And to find out what our strategies are educationally.
I also want to make sure we have a culture that’s respectful, tolerant, careful, so that we not only take care of the academic needs of our students, but the social and emotional needs.
Then there’s the whole management role.
When you’re the leader of the system with almost 2000 employees there’s a lot to manage, I want to make sure we hire the strongest people, provide the best training, and use our resources wisely. We have limited resources and we have to educate a lot of kids, and make sure that our buildings are in good condition. South is in good shape, but our elementary schools could use some work. I want to make sure I build strong relationships with the community.

Why did you decide to switch districts?

I was born in Boston and lived in Newton since my family was here.
This made it a wonderful professional opportunity and it worked out well personally. I’m excited to be here, Newton’s a very dynamic city. It’s a very exciting place to work.

What are some differences between Chappaqua and Newton that you’ve experienced? What are some things you miss and some things you enjoy having here and not there?
I had a terrific job as superintendent of the Chappaqua school system and enjoyed it all.
Newton presents a great opportunity as well.
Newton is larger, so there are more schools than there were in Chappaqua.
It was easier to get to know people there because there weren’t as many people to get to know. On the other hand, the larger size is something I like about Newton.

Any challenges you are looking forward to meeting in Newton?

I think its size presents challenges, but also provides for wonderful diversity. It adds complexity but also wonderful opportunity. Both districts have lots of people who are very passionate about education.

What are your goals for Newton schools and Newton education in general?

I’m interested in thinking about how we can use technology more effectively, and working with people to figure out how we can do that. That’s one piece, but I also want to make sure that we have schools that address the needs of all students, especially those that struggle.
I want to make sure that we have the best strategies in place for those who face challenges in school.
I want to make sure that in the long run we have school facilities, especially at the elementary level, that are better that they are now. Frankly some of the facilities are not in good shape here.
We need to make sure we have a plan to address the facilities.
A big challenge is how to keep moving the system forward through a time during diminished resources.
We have to keep improving education.
I’m still learning,
I’ve been here three and a half months, however I’m already working with leaders in the district and the school committee to figure out how we take an excellent system and make it even better.

What have you done so far to help improve the school system?

I’ve spent most of my time trying to build positive relationships, understanding principals and their challenges and figuring out how I can address challenges at other schools.
I’m doing a lot of listening and a lot of learning first. Basically I’m learning and responding to issues when I need to, but I’m planning first and that’s what all good leaders do.

How did you react to the feedback about the school lunches this year? What do you plan to do now?

This started before I got here, where the school system and school committee were in negotiations to privatize the school lunch program.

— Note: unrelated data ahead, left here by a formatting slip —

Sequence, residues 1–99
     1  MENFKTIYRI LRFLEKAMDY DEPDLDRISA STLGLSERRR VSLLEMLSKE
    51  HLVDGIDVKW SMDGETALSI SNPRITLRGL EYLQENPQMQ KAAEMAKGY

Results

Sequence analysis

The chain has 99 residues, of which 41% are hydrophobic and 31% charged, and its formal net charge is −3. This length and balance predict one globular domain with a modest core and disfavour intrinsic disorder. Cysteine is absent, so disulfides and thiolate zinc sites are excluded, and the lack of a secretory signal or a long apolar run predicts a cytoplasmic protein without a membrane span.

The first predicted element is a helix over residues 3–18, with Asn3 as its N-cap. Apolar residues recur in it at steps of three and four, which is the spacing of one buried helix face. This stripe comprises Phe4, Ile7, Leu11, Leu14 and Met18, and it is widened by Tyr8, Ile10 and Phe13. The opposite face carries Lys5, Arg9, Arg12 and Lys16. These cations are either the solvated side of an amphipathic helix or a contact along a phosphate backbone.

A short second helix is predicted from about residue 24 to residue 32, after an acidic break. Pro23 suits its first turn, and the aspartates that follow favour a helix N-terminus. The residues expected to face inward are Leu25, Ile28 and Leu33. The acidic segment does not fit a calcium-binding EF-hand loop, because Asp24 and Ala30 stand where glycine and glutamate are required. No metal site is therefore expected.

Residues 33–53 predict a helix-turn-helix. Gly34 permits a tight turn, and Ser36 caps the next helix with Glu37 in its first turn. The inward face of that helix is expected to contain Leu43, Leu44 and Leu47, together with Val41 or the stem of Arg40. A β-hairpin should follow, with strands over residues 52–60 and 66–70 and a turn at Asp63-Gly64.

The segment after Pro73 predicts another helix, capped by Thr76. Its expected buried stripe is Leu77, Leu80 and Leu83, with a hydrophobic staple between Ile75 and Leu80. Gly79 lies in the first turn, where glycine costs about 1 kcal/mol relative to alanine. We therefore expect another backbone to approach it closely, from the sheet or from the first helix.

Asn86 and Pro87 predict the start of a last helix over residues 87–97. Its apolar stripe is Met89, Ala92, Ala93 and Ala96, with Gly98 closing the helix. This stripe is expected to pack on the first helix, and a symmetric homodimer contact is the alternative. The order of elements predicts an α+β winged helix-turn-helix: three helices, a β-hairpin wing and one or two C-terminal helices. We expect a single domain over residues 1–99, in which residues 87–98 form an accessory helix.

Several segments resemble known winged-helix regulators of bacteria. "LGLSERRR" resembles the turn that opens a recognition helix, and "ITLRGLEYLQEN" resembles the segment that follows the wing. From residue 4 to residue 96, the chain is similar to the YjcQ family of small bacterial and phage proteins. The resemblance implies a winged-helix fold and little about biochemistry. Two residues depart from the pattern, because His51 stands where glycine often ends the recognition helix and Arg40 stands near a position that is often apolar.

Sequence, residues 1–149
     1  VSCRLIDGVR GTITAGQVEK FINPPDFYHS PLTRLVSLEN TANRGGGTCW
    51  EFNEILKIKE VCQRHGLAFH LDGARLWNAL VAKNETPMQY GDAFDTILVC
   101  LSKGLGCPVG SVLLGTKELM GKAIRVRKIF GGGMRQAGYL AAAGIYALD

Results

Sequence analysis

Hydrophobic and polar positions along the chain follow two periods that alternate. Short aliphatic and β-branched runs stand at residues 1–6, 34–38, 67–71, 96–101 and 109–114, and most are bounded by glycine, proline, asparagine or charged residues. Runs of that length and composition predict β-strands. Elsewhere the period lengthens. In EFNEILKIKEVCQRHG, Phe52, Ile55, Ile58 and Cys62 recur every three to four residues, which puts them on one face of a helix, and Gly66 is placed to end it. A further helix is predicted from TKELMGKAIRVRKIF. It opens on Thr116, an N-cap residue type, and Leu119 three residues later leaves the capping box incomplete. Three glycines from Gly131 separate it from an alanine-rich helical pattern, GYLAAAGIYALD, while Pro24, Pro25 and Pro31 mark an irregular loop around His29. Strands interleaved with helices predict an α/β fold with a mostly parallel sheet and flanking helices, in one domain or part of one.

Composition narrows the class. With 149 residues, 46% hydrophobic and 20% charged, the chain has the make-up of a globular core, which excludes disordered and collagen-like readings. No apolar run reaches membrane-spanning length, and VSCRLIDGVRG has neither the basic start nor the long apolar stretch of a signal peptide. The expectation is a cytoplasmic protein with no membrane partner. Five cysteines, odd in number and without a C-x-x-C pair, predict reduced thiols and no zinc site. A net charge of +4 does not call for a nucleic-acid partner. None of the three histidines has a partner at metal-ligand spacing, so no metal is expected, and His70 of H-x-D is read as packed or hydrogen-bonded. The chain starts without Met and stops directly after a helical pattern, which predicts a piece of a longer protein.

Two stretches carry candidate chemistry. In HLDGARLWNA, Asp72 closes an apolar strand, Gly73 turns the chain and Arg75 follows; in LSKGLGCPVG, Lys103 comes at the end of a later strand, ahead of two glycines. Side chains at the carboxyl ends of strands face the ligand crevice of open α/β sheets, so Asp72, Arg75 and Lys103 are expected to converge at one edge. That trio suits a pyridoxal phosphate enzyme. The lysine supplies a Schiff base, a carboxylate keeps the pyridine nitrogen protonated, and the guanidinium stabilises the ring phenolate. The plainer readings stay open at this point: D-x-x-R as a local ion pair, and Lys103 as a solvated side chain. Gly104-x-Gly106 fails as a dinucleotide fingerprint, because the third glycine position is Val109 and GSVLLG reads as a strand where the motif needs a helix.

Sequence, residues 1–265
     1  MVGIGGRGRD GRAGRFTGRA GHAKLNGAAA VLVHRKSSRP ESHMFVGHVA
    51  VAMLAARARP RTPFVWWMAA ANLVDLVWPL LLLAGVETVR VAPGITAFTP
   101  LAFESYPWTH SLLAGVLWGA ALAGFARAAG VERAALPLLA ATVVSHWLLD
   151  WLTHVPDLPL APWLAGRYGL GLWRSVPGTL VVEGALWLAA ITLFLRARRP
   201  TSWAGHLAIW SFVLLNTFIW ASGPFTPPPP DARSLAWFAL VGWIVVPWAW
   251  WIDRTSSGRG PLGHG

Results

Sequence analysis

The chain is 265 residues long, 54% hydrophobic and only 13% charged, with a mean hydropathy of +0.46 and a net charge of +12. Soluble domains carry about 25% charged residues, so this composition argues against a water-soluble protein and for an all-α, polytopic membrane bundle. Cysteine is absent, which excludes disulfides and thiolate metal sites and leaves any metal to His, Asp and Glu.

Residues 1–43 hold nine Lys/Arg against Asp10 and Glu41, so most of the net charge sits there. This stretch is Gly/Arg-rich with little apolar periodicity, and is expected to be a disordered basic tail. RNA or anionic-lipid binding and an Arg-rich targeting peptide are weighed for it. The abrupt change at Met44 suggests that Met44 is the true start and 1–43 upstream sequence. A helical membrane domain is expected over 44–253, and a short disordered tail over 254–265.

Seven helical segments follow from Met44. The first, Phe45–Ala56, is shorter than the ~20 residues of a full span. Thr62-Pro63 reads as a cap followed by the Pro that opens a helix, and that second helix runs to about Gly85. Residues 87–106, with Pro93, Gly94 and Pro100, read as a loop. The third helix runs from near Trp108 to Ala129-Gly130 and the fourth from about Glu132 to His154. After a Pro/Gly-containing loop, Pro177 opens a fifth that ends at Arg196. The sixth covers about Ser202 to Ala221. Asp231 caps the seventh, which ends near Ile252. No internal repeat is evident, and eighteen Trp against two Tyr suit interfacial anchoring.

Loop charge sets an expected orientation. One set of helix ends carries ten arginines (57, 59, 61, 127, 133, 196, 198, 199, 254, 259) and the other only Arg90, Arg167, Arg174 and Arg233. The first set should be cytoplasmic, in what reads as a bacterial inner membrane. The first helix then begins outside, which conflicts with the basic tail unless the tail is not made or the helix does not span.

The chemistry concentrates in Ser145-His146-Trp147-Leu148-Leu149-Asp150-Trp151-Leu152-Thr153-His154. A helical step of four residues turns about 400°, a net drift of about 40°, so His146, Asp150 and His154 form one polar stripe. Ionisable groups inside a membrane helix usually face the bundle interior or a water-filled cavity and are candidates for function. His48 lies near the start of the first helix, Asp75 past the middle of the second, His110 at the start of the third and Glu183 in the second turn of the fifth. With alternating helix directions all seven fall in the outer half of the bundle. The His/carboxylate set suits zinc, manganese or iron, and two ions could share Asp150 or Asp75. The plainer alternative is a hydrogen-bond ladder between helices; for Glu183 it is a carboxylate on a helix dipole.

And that takes time, so I know the first few months of school have been hard.
I’m hopeful that when all of this is done the options for students will be better than they were before.
It’s one of those things that we’re asking for peoples’ patience with.

How has the Newton North student murder affected the Newton schools? What is your role in dealing with that?
Two issues from Newton North; first we had Adam London whose life was lost tragically before school, and one who of course was incarcerated on a criminal charge.
I just want to make sure that we have the supports in place. Part of the school’s role is to support kids socially and emotionally. Newton North is a safe school, but we also had an incident of a drug bust in Newton South.
I met with both principals to discuss responsible decision making among students.
We can’t solve that problem ourselves – we need students, parents, community members, schools, churches, and synagogues.
It’s a community effort.
I can tell you that after the first tragedy, they opened up the school the next day so kids could come in.
There was a crisis team there, making sure the kids were ok. After Adam’s death there were councilors available and the students were supporting each other.
After the second incident, the crisis team was available again.
They were looking for kids who knew the students well and so if the kids were scared or vulnerable, they found out who they were and provided support.
They were very different kinds of incidents, but you want to provide social and emotional support for students. I think the school has calmed down now.

Fiscal cuts and the high cost of the Newton North budget have strained staffing in Newton schools. How do you plan to resolve the situations?

I wouldn’t make a direct link between budget constraints and Newton North. The fact is that we had to make reductions for Newton North debt but it wasn’t just Newton North though. School districts all over the country are having financial deficits. That’s a great challenge.
How do we keep high quality education during difficult financial times?
We’re going to have to make difficult choices, and tradeoffs, and we’ll do everything we can to keep the educational program we have and keep class sizes reasonable.
Obviously hard choices will have to be made given the financial challenges.